'Works by Lois Curtis'
Civil rights activist and folk artist Lois Curtis uses pastels and acrylics to communicate her passion for painting, despite living with a disability.
The Atlanta, Ga., native will share her original artwork with the campus and local community through Saturday, Dec. 1.
“Works by Lois Curtis: A Celebration of a Life Lived Creatively” displays in the Georgia College Museum located on the corner of North Clarke and Montgomery streets.
The event is free and open to the public.
A reception will take place today at 5:30 p.m. in the museum.
Curtis spent her adolescent and adult life in state-run institutions. After repeated requests to live in her community were denied, she sued the state of Georgia.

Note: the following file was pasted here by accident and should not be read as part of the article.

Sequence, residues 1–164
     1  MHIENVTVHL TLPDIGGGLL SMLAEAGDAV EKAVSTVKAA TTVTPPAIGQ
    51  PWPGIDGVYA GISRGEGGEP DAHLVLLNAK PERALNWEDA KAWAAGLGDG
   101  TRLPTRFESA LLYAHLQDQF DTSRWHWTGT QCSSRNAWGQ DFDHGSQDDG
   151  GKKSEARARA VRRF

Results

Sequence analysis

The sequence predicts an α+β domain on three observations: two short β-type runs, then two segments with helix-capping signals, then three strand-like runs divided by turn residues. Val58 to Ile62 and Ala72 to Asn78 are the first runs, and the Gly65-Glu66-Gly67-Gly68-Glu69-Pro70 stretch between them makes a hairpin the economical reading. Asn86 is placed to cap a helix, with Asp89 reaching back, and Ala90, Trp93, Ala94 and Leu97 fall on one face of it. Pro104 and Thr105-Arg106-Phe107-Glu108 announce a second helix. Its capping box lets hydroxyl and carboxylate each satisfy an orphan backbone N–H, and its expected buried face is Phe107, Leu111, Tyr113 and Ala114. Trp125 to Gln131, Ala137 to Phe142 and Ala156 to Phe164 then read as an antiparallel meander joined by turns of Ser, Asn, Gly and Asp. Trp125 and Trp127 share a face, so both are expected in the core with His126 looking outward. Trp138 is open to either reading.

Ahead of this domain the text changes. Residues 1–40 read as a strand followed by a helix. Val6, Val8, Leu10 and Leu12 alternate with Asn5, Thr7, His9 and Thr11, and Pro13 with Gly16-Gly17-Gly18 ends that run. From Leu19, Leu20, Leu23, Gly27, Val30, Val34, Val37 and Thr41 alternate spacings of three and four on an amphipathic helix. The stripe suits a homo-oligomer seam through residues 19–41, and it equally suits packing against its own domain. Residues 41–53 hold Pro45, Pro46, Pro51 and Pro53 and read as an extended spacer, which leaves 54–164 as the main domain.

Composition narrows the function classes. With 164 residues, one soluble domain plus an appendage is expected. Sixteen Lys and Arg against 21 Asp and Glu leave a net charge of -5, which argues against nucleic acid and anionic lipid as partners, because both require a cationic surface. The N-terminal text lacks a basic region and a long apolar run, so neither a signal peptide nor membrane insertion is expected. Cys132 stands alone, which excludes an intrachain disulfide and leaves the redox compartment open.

During 1999 her case regarding discrimination against people with mental disabilities came before the U.S. Supreme Court in Olmstead v. L.C.
The case’s victorious landmark decision became a national mandate and freed tens of thousands of people with disabilities from unjust and unnecessary institutionalization.
During June 2011, Curtis met with President Barack Obama in the White House and presented him with one of her paintings.
The Georgia College exhibition is sponsored by the Institute on Human Development and Disability, College of Family and Consumer Sciences at the University of Georgia and Georgia College Foundation’s Patience Russell Peterson Endowed Fund.
For more information call 478-445-8274.